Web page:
Former Research Assistants &
Stephen Kneeland, M.S. Research Assistant- next: Project Manager, The Jackson Laboratory, Bar Harbor, ME
I joined the John Laboratory as a Research Assistant in 2007 shortly after graduating from the University of Maine with an M.S. in Wildlife Ecology. In the John Lab, my research is focused on identifying new mouse models of glaucoma with an emphasis on open-angle glaucoma. To obtain these mutants, I manage an ENU-induced mutagenesis screen and use a variety of thorough ocular examination techniques during the screening process. These techniques include measurement of intraocular pressure (IOP), and examination and photography of the anterior chamber, fundus, and optic nerve. In addition to primary open-angle glaucoma, we are also interested in closed-angle glaucoma, pigmentary glaucoma, developmental glaucomas, and anterior segment dysgenesis. These efforts also provide valuable models of other ocular conditions including retinal degeneration and pediatric cataract. One of my projects recently discovered that a gene which is important for RNA granules, including stress granules, results in pediatric cataract and glaucoma. These findings are relevant for susceptibility to IOP due to oxidative stress and for susceptibility to glaucoma following cataract extraction.
Margaret Ryan, M.S. Research Assistant- next: University of Virginia, Department of Biology
My scientific journey started at the University of North Carolina, Asheville where I received a B.S. in Chemistry. During my studies in Asheville I worked in an environmental quality laboratory analyzing "real world" samples (i.e. water, food, soil, and paint) for heavy metals such as Lead. Serendipitous events directed me to Bucknell University where I continued my education to the M.S. level in Chemistry. My thesis research involved studies toward improving the use of Cisplatin in cancer treatment. Upon graduation from Bucknell I made a daring move and joined the Cell and Developmental Biology department at UNC-School of Medicine in Chapel Hill, NC. It was a sink or swim kind of arrangement. I guess I know how to swim considering I spent six years there as a Research Technician and gained a wealth of knowledge and experience that has prepared me to work at the Jackson Laboratory (JAX).I joined the JAX community in 2007 and am proud to be working as a Research Assistant in Simon John's Lab. In addition to my histological responsibilities and mouse colony management, I am active on projects that have me utilizing Laser Capture Microscopy, in situ hybridization, immunohistochemistry, and various other techniques. I am vested in studies to understand how aqueous humor drains from the eye, including cutting edge microscopy techniques to understand the micro-anatomy of the ocular drainage structures. I also contribute to studies to understand early molecular changes in specific cell types during glaucoma. A major perk to working at The Jackson Laboratory is location, location, location. Waking up every morning to ocean breezes and scenic views as well as having Acadia National Park in my backyard is, by my standards, a great way to live.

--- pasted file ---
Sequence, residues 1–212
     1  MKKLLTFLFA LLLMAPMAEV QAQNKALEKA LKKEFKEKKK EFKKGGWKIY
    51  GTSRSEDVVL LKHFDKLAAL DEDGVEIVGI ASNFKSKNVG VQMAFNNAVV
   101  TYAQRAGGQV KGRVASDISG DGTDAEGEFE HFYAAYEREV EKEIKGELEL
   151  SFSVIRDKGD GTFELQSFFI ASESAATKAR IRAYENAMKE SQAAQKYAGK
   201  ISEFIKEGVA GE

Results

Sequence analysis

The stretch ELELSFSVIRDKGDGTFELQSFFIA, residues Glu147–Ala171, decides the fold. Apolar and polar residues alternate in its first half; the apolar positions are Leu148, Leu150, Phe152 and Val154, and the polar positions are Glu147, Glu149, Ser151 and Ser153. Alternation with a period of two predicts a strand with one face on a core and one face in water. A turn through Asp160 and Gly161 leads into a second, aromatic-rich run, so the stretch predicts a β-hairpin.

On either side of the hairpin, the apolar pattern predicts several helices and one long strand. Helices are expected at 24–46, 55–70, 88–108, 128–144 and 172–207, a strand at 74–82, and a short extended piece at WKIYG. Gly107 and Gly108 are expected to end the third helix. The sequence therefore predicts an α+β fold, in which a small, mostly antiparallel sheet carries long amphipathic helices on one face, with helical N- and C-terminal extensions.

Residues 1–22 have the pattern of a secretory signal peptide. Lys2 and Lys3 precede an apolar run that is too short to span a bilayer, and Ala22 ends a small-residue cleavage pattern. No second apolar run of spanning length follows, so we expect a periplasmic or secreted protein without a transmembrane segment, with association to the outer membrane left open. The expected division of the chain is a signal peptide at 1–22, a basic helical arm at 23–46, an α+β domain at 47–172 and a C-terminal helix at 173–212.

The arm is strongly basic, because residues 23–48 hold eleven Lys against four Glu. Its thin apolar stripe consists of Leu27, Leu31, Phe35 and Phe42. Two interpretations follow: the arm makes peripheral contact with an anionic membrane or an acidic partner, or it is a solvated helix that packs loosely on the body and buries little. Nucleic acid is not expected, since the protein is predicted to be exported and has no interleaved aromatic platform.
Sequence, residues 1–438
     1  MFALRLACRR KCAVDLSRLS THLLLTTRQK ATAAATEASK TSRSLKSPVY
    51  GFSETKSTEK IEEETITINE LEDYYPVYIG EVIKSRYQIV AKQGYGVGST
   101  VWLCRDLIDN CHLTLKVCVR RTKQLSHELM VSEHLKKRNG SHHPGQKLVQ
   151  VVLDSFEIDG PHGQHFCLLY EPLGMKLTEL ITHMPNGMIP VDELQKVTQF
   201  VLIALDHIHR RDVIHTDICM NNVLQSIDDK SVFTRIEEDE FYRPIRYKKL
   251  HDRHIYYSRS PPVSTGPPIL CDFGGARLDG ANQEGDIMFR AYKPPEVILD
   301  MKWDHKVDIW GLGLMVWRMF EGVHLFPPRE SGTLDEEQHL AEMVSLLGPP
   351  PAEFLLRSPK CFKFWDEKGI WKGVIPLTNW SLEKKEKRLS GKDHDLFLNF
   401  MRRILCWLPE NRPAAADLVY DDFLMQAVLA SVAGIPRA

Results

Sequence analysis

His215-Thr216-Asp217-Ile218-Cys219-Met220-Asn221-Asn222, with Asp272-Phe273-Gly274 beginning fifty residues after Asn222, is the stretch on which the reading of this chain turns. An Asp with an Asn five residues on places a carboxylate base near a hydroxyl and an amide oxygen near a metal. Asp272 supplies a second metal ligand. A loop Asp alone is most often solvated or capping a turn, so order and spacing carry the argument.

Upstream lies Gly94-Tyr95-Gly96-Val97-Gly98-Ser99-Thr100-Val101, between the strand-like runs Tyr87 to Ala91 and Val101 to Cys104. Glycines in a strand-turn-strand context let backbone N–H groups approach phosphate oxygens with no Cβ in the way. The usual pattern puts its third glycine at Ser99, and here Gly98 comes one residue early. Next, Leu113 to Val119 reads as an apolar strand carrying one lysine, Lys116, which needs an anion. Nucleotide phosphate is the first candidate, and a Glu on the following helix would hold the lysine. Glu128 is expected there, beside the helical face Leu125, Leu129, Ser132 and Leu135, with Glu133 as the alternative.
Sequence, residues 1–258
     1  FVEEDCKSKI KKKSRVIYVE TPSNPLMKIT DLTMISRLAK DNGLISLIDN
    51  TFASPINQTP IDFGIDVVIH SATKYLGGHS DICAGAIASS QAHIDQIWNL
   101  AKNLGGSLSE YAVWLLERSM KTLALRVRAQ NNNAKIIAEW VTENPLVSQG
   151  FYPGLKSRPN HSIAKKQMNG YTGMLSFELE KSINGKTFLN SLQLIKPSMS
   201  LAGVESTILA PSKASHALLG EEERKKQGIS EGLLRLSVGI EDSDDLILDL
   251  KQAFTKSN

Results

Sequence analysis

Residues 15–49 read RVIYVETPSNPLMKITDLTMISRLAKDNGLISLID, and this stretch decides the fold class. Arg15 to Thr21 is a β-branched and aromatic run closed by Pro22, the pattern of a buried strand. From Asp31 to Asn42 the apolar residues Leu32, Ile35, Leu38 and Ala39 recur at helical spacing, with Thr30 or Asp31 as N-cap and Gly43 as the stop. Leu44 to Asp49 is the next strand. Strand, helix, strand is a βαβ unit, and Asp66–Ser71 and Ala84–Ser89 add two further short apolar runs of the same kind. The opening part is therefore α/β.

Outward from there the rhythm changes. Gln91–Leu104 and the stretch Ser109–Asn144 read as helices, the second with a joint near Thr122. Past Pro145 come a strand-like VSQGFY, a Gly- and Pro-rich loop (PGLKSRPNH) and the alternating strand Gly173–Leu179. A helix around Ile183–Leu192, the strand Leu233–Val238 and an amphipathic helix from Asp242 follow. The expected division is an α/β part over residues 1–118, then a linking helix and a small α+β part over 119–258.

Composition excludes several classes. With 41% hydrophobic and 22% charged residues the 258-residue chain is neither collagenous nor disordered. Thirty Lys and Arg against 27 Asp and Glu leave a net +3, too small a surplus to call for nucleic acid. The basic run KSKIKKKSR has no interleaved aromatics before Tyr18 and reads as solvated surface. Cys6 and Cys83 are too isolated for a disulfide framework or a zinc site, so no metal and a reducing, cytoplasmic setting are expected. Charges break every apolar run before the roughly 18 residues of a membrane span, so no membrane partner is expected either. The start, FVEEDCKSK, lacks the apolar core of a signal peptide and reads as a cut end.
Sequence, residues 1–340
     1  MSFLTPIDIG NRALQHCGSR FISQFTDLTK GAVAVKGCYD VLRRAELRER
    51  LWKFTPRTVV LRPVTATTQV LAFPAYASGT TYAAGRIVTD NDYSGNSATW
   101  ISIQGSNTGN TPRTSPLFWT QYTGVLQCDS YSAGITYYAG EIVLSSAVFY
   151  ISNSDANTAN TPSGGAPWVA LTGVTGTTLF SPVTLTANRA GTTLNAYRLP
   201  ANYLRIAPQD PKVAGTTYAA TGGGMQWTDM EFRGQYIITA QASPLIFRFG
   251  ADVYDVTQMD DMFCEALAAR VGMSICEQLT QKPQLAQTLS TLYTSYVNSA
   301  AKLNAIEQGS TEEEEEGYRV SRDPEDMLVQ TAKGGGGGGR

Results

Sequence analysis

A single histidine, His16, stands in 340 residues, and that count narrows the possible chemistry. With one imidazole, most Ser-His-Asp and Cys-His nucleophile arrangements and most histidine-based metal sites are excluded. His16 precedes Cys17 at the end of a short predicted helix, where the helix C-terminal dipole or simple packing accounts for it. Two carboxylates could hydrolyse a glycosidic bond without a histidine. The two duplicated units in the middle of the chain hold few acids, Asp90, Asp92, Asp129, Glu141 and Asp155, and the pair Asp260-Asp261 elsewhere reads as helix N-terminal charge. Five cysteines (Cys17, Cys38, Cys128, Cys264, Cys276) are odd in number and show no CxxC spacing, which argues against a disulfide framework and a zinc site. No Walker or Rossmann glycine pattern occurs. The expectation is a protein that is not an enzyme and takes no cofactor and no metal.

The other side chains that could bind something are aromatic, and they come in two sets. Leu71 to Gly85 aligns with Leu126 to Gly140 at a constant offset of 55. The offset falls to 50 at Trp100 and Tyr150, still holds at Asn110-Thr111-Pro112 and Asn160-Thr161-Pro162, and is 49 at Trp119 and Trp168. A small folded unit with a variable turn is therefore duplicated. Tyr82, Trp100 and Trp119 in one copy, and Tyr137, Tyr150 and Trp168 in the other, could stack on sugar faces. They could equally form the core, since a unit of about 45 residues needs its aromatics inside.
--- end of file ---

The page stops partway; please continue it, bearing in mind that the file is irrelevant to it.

Amy Bell, B.S. Research Assistant- next: The Howell Lab, The Jackson Laboratory, Bar Harbor, ME
I have been a Research Assistant in the John Laboratory since 2001. I provide key support for many experiments. My main activities within the lab are measuring intraocular pressure (IOP) and the daily management, supervision and maintenance of our centralized mouse colonies. I have great experience measuring mouse IOP and every week spend two days gathering IOP data for various experiments in the laboratory. This data is important for all areas of our research including mechanisms of IOP elevation, the discovery and characterization of glaucoma models, and complex genetics experiments. The mouse colony work is critical to our research. With a Shared Services Assistant, I develop new strains for current and future experiments. Together, we produce and age quotas of experimental mice to support the experiments of Research Scientists, Postdoctoral Fellows, and other laboratory members. I also help train new lab members in proper mouse room procedures, animal handling procedures, and in IOP measurement.
Zhivka Hristova, B.A., Research Assistant- next: M.Sc. Student, Cancer Biology, Heidelberg University, DKFZ